The Not Of What She Didn’t Know

by harryjassal

After reading Merideth Quartermain’s list of micro-fictions from The Not Of What She Didn’t Know, felt at first like it was very difficult comprehending to the writing. The Vancouver based poet has work comprised of interesting writings which will make you come out of your shell and think critically. In all of these micro fictions, the setting and atmosphere are thoroughly described and gives the reader a clear understanding once you have read it a few times and let your mind free from a confined space.

An immense part of her work involves different themes; however at the same time she includes many similarities. Her short stories, titled “The Not of What She Didn’t Know” come from Quartermain’s “Recipes From The Red Planet”; a book full of twisting short stories. Furthermore, since her writings are approximately 15-20 lines, readers are immediately indulged to avoid all distractions and focus in on the literature. Her ambiguous writings often creates discussions as to what she is trying to say or imply as shown in “L’amante anglaise”. This micro-fiction uses an unique mixture of english and french; to most this would be a nightmare to read. However one has to think and read outside the box to understand the theme to which Quartermain is trying to portray.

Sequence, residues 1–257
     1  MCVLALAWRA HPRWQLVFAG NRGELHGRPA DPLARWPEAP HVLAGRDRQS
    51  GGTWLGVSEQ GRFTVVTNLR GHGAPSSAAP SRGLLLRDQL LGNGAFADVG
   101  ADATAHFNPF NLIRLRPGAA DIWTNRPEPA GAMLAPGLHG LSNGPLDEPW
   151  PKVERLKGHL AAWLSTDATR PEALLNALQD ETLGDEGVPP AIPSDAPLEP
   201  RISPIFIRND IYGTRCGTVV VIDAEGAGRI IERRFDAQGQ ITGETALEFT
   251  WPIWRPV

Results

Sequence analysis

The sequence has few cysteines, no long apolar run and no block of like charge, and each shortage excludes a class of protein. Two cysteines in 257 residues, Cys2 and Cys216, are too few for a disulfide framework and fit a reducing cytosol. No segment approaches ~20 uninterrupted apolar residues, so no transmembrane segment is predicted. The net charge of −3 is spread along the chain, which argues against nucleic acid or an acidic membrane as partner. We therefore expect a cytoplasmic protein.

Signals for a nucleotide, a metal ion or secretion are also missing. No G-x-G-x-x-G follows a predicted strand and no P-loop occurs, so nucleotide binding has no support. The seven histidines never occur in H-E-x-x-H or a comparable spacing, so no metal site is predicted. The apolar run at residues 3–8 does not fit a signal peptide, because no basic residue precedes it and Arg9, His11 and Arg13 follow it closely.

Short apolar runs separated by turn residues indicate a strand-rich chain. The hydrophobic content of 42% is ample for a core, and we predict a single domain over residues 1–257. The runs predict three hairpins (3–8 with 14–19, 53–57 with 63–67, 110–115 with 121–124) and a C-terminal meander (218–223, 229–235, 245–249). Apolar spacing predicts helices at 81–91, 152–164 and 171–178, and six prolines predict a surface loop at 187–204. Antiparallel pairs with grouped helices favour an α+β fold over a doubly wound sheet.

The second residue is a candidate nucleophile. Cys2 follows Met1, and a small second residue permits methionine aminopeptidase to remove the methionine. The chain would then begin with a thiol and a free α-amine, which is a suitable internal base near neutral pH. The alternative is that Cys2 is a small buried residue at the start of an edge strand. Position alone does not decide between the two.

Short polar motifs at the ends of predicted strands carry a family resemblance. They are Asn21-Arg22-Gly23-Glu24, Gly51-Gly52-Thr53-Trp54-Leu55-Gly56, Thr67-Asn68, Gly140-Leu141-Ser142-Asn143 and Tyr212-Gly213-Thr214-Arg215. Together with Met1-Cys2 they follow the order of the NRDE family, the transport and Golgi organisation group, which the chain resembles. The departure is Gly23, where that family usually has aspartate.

Another one of her micro-fictions is “Hotel Narrative” which was the most difficult to read because of how it has an unclear plot and strange structure. I am not an avid reader however I am certain the majority would agree with me. In addition, Quartermain has one titled “A Disagreement Over Lunch”, in which she uses comparison as her main theme. “The eggplant lifts out of the fruit bowl and floats dejectedly above it”.  This description is another reason why she has interesting writing and creates vivid images in the readers’ mind. In addition, there are many emotional effects her writings have on the reader. For example in “A Disagreement Over Lunch”, it seems like in a strange way, she is comparing ants to tiny humans.

Quartermain’s work is truly different from other authors, and will make even the most experienced readers confused; however this is what makes it so unique and interesting. At first it may seem like you are reading the micro-fictions gradually getting more confused after each line down, however upon a second or third reading, much of the uncertainty is answered.


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